There were a few cars on the road at first, as we made our way south to the Mall. Not a few people commented on the near-apocalyptic feel of this pre-dawn walk down the street on Virginia Avenue. Everyone was streaming toward one point, all going in the same direction. It was here where we also encountered the challenge of moving with limited information about the ways the authorities wanted us to proceed. Constitution Avenue was blocked by busses placed perpindicular to the regular traffic flow, with just enough clearance in the middle of the street for emergency vehicles. We had to wait until military vehicles passed before flooding across Constitution Avenue onto the National Mall. That’s where we encountered the first “choke point”. Concrete “Jersey Barriers” were set up with narrow spaces every 50 feet or so for people to move through. Hundreds of people, including us, were not going to wait for the lines to make their way orderly through these “choke points”. We hopped the barrier, and in fact, we saw more people hopping the barrier than we saw people moving in an orderly line. We had made it on the Mall. Now it was time to find us a place as close as possible to the Capitol.
As we crested the hill at the Washington Monument, it was clear this was going to be a challenge. Spread out for a mile and a half to the Capitol was a sea of people. This was just after 7:00 am! Many were already claiming their space in front of the screen just north of the Washington Monument, and others were claiming space on the hillside of the Monument facing the Capitol. We crossed 14th street, re-entered the National Mall through the entry point and were greeted by a “tunnel” of red-capped volunteers who were cheering us on and celebrating wildly. Talk about ratcheting up the enthusiasm! We made it to about 11th street before the crowd seemed to be overwhelming. That put us at about the 4th screen back (on the north side of the Mall) when you look at the crowd shots from the Capitol. Shortly after laying out our blanket, I tried to determine if we could get any closer to the Capitol and turned back after walking only about 200 feet. I had a hard time finding my group again in the mass of people, even though I had taken landmark readings. We settled on that spot.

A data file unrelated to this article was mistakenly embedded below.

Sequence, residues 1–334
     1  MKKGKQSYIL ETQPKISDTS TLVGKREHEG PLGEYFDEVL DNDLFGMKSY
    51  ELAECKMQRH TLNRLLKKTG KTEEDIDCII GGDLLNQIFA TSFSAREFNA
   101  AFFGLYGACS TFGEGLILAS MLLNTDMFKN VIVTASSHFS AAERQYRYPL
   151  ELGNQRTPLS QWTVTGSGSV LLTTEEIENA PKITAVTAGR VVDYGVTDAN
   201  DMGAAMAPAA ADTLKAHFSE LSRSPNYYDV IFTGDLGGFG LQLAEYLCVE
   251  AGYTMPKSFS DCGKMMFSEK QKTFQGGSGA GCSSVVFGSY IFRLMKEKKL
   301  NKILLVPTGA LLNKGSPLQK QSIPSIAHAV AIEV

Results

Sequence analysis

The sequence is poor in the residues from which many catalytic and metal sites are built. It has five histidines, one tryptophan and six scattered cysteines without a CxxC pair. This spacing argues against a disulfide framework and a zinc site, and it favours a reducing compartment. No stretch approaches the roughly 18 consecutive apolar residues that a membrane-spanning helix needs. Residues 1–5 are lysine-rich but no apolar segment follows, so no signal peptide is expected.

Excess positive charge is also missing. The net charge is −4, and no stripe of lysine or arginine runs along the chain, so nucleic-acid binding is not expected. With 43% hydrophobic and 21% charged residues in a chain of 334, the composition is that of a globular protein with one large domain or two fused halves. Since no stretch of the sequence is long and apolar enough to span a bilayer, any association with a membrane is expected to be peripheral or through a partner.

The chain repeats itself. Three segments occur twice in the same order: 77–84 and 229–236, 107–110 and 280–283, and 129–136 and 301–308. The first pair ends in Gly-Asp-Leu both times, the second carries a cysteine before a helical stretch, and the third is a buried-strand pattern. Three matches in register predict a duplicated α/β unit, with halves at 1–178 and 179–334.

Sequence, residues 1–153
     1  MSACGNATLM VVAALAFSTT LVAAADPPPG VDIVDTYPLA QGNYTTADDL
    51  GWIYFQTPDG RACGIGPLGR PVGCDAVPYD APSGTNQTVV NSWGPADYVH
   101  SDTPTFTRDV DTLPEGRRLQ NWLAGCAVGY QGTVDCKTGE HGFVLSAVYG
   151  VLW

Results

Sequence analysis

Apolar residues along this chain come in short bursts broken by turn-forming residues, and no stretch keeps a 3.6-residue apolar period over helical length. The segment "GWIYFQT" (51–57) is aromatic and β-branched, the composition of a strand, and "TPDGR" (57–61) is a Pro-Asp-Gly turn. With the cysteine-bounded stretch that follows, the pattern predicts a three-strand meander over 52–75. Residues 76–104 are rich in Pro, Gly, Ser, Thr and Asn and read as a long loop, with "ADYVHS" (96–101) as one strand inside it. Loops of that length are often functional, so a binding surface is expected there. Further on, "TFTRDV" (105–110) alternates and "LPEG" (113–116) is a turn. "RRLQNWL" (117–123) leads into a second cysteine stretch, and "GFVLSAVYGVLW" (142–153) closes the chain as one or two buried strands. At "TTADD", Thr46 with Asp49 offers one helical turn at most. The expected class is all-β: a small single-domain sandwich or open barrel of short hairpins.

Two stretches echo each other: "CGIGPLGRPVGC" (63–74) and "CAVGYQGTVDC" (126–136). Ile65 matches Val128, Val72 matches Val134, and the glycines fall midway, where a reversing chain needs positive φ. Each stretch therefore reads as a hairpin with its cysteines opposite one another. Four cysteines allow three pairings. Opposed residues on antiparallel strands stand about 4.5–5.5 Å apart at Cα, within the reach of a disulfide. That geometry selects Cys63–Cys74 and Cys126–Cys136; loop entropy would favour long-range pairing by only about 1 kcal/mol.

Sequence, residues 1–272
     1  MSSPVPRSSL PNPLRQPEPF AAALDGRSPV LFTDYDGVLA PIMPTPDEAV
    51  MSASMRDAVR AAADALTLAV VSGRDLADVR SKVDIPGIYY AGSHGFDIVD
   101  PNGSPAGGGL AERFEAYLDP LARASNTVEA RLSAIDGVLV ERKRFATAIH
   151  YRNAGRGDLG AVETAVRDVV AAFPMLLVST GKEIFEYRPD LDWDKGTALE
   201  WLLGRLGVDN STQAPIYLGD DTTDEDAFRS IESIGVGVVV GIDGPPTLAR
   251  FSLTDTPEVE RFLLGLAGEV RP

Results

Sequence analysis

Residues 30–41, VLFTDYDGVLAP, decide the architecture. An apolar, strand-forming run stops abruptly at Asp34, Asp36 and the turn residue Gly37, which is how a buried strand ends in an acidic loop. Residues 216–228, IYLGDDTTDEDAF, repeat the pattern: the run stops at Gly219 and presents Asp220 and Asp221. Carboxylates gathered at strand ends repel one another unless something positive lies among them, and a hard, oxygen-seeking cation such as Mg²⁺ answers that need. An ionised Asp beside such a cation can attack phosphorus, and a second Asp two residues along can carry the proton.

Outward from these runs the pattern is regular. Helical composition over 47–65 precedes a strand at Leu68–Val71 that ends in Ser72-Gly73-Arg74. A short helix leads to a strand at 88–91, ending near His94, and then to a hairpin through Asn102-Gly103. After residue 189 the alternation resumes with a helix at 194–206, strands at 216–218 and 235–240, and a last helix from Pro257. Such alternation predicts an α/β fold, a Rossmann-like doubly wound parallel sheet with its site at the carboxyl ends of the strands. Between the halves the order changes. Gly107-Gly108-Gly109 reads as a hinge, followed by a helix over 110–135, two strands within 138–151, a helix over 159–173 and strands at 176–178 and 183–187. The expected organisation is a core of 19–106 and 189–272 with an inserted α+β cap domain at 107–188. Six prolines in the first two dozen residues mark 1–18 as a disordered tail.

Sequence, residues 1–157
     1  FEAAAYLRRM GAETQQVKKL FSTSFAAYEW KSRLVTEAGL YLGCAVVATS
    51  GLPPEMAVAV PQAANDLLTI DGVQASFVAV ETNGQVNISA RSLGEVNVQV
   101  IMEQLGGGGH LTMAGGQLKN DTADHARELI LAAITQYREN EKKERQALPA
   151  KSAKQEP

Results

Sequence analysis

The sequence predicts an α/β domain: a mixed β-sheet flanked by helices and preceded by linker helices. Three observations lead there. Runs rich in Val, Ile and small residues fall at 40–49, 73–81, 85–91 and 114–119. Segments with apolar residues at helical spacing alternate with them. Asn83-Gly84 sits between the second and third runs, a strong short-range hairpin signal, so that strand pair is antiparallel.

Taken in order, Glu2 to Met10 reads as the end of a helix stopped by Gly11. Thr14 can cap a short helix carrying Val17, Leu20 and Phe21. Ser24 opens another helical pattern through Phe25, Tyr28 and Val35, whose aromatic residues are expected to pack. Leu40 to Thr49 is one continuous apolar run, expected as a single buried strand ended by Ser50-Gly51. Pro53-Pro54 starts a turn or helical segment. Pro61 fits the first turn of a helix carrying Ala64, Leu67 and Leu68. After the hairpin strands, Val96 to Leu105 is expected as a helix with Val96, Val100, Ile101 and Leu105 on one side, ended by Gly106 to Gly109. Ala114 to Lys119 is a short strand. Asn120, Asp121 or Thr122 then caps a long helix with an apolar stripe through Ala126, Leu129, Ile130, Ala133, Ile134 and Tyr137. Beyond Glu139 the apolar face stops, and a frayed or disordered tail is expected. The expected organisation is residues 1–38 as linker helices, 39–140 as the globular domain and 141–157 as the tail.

And time marched slowly along. We broke out our hand and foot warmers. We laughed and talked and had some interactions with people around us. There was a festive mood among all of us. We watched the screens and saw the entire concert from Sunday. We watched as some who were lost meandered around calling out someone’s name. Finally, at about 8:45, the first one in our party asked what time it was. Only a little over an hour left to go before something new was happening … and all around groaned. It was feeling colder by the minute as the wind began to pick up and as there wasn’t much else to focus on. Other than the screen, you could interact with those closest to you and guard your spot. My daughter tried to make it to the port-a-potty at about 9:30, but was soon back because it was impossible to cross the gravel path to get there. About 15 minutes after that, our neighbor tried the same thing. She returned a good 45 minutes later. She had been successful. The port-a-pottys were no more than 50 yards from us. There were more wandering lost people. Occasionally the boom camera behind us raised up for shots of the crowd and we all waved and cheered … less excited each time it happened. We were constantly being asked to move as people shoved their way through the crowd to find their own perfect spot. And then, it was 10:00 am and the large screens began to show something happening!